Beyond the Call of Duty?
Examining the Faculty Role in Student Success
Higher education is committed to helping students earn their degrees. Improvements in student persistence and degree completion metrics must be demonstrated for institutional accreditation and funding. Historically, resources have been focused co-curricular support, however, campus leaders are now looking to their faculty to make further gains in fostering student success. However, we are at a crossroads for how to align faculty roles with institutional student success goals and priorities. The workshop will begin with dot-voting to gather participant’s experiences with engaging faculty in student success. Then, reflective key-phrase journaling will create operational definitions of student success that include faculty and leadership responsibility components. Next, jigsaw cooperative groups will analyze effective practices for creating culture, policies and practices that engage faculty in student success endeavors both service and teaching. Finally, a What, So What, Now What? activity will help participants identify next steps when returning to their campus.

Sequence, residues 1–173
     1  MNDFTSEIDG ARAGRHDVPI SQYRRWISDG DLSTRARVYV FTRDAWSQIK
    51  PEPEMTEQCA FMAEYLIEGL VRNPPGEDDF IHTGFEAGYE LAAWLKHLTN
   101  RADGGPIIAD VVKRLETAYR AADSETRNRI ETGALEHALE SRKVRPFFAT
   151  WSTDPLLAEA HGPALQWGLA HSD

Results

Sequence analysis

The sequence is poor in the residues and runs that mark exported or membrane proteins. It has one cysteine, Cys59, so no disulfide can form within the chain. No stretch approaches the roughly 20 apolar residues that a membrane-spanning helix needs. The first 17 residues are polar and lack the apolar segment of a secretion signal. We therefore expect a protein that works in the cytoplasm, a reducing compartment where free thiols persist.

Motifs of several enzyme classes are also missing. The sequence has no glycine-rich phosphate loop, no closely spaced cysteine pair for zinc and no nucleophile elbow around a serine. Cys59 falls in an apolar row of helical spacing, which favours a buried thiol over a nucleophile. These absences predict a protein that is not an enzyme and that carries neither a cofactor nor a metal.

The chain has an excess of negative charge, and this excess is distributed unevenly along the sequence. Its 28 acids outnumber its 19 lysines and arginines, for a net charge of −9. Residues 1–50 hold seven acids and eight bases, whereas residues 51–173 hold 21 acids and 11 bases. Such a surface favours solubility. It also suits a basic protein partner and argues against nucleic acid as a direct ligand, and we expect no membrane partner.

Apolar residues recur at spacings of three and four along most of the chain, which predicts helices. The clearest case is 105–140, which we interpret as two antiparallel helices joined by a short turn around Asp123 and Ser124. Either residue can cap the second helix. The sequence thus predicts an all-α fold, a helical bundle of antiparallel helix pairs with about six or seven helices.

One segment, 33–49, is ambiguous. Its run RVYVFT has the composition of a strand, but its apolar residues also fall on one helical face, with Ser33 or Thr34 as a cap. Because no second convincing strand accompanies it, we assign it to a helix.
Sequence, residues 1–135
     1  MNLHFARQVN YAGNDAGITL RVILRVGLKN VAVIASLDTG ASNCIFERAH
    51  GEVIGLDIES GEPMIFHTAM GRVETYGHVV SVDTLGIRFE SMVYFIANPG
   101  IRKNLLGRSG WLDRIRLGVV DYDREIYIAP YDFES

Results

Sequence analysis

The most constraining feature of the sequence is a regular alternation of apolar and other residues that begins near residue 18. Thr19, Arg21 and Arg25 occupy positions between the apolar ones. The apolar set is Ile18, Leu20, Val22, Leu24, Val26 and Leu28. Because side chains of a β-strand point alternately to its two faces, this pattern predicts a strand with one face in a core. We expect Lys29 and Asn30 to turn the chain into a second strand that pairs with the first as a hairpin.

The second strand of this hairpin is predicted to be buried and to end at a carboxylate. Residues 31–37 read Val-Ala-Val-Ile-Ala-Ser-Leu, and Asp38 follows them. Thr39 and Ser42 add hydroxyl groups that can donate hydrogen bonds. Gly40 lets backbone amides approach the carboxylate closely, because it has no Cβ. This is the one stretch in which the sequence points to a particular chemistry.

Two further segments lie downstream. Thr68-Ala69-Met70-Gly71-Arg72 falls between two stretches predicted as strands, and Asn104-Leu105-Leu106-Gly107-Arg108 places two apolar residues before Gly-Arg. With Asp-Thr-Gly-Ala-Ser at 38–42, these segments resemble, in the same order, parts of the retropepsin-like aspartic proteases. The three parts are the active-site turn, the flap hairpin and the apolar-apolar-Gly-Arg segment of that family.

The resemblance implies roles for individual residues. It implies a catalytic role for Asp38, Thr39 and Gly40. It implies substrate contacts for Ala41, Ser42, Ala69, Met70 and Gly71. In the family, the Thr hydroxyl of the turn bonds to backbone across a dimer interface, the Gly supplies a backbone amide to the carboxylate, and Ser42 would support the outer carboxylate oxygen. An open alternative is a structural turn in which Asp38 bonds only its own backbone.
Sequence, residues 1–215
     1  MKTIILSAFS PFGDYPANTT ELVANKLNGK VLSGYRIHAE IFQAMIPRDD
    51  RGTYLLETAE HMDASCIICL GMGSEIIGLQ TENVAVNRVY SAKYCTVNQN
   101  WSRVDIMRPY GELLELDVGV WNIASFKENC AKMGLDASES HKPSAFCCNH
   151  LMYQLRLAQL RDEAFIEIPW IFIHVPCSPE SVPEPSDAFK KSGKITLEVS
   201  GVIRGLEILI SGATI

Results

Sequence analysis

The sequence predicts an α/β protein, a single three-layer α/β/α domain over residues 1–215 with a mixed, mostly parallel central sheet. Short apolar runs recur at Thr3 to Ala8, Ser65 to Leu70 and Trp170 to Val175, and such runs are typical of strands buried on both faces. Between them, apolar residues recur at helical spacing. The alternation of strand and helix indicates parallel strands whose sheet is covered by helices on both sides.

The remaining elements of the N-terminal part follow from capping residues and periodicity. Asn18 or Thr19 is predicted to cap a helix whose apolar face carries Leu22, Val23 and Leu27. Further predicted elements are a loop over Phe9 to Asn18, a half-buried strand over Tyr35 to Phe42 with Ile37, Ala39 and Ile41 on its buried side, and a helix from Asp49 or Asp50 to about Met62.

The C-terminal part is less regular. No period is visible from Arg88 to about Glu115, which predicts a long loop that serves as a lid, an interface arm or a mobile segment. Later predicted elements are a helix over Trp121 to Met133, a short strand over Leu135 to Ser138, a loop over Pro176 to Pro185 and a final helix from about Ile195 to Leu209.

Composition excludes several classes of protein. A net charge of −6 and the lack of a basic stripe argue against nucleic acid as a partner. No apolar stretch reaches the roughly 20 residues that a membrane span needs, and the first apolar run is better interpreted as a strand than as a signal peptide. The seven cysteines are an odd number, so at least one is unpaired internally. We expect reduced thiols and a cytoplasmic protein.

Rebecca Campbell, Professor, Educational Psychology, Northern Arizona University; Gypsy Denzine, Senior Vice Provost for Faculty Affairs, Virginia Commonwealth University
This workshop is presented by the POD Network
A Year in the Life of a College Restructure Process
Contemporary challenges of higher education compel institutions to advance their mission by making bold academic alignment decisions. Academic leaders must continually re-evaluate the effectiveness and relevance of their academic programs, structures, and organizational alignment. If they are no longer serving them well, there’s a demand to reevaluate the organizational model to become a leaner and stronger entity with opportunities for growth. Institutions are driven to have organizational structures that enhance opportunities for academic programs to be supported, to grow, to function efficiently, and to enable effective leadership. The goal should be for an institution to have an organizational structure that supports creativity, flexibility, and the interdisciplinary dialogue and collaboration that will allow it to respond to opportunities.
Whether you are considering academic restructure at the department, college, or institutional level, this workshop will provide the knowledge and planning tools to strategically evaluate your situation and identify the right approaches for various unique institutional contexts. Facilitated by four individuals from three different institutions, each of whom have overseen and been intimately involved in a variety of restructure initiatives, the workshop will expose attendees to: